Monday, July 18, 2011

From Chesterton's "Orthodoxy"

But remember that this text is too lightly interpreted. It is constantly assured, especially in our Tolstoyan tendencies, that when the lion lies down with the lamb the lion becomes lamb-like. But that is brutal annexation and imperialism on the part of the lamb. That is simply the lamb absorbing the lion instead of the lion eating the lamb. The real problem is—Can the lion lie down with the lamb and still retain his royal ferocity? THAT is the problem the Church attempted; THAT is the miracle she achieved.

Wednesday, July 13, 2011

Garlic Fries Success!

On my second attempt at making garlic fries, I was successful, modulo a few undercooked fries which can be attributed to a college apartment stove and cheap pan with very uneven heat distribution. Rather than follow the recipe which called for a two-step process of baking the oil-coated fries and then frying them in garlic butter, I went straight to the frying. I also decided to substitute cheddar for parmesan and chives for parsley.


3 cu. inches (approx) sharp white cheddar cheese
4 cloves of garlic
2 chives
4 tablespoons butter 1 large baking potato


Slice potato into 1/4in by 1/4in strips. Melt butter over low-to-medium heat. Begin frying the potato strips in the butter. Increase heat to medium. Crumble cheddar cheese. Finely chop garlic. Chop chives. Combine these ingredients. Turn potato strips as they cook. When strips are golden brown on all sides, add cheese, garlic, and chives, stir with spatula. Place fries on plate covered with paper towel to drain excess butter. Serve immediately.

Tuesday, July 12, 2011

Abstract of Research in Transactional Events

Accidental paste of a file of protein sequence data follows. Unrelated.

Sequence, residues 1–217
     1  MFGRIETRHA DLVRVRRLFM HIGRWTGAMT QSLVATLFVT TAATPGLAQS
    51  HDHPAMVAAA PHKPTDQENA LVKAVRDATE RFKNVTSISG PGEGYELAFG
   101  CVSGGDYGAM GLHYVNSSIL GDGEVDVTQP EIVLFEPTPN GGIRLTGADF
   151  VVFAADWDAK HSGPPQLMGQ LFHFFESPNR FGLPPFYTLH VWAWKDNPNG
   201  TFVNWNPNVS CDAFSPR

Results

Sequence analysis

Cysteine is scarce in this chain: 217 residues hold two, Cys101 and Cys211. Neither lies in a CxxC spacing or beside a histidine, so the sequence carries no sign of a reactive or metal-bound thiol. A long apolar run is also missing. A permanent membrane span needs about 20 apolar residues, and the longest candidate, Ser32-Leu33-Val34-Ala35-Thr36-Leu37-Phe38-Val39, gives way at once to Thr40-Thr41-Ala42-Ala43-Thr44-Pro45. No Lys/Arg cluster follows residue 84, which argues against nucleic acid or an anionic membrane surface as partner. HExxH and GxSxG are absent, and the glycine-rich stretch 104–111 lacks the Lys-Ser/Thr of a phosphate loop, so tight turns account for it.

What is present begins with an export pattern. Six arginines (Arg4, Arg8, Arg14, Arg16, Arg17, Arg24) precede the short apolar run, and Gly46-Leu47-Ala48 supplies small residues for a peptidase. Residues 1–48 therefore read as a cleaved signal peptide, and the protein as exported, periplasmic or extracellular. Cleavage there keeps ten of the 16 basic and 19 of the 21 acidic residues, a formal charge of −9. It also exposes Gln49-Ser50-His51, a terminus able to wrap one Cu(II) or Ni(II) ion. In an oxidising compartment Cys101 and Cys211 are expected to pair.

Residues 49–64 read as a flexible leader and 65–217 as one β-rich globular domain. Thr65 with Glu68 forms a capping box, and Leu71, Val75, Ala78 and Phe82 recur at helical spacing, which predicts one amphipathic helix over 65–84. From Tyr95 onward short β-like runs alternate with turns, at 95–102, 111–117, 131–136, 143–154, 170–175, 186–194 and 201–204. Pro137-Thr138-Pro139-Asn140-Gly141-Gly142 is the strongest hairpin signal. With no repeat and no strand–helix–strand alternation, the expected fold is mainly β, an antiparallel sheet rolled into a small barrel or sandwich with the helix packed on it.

I'll be revising my abstract in this post. Comments appreciated.

Revision 1 (Initial Revision)

Revision 1 (Initial Revision)

Transactional Events is an abstraction (a well-defined concept hiding implementation details) for communication between concurrent processes (multiple programs running at once). The current implementation of Transactional Events provides only the guarantee that a communication will happen if one is possible.

A particularly attractive possible guarantee is that of "fairness," which guarantees that for a concurrent thread which is repeatedly capable of communicating, there is no point after which it never communicates.

In each of our attempts to enforce this property in the implementation, we have been able to construct counterexamples which either prevent the system from making progress or escape the enforcement of the fairness guarantee. This leads us to suspect that enforcing fairness requires the solution of an undecidable problem.

To prove that enforcing fairness requires this solution we are attempting to demonstrate that an implementation which enforces fairness would permit the solution of such an undecidable problem. Such a demonstration would prove the impossibility of enforcing the fairness condition.

Finally, we are exploring if a condition similar to fairness but weak enough to enforce would still be useful.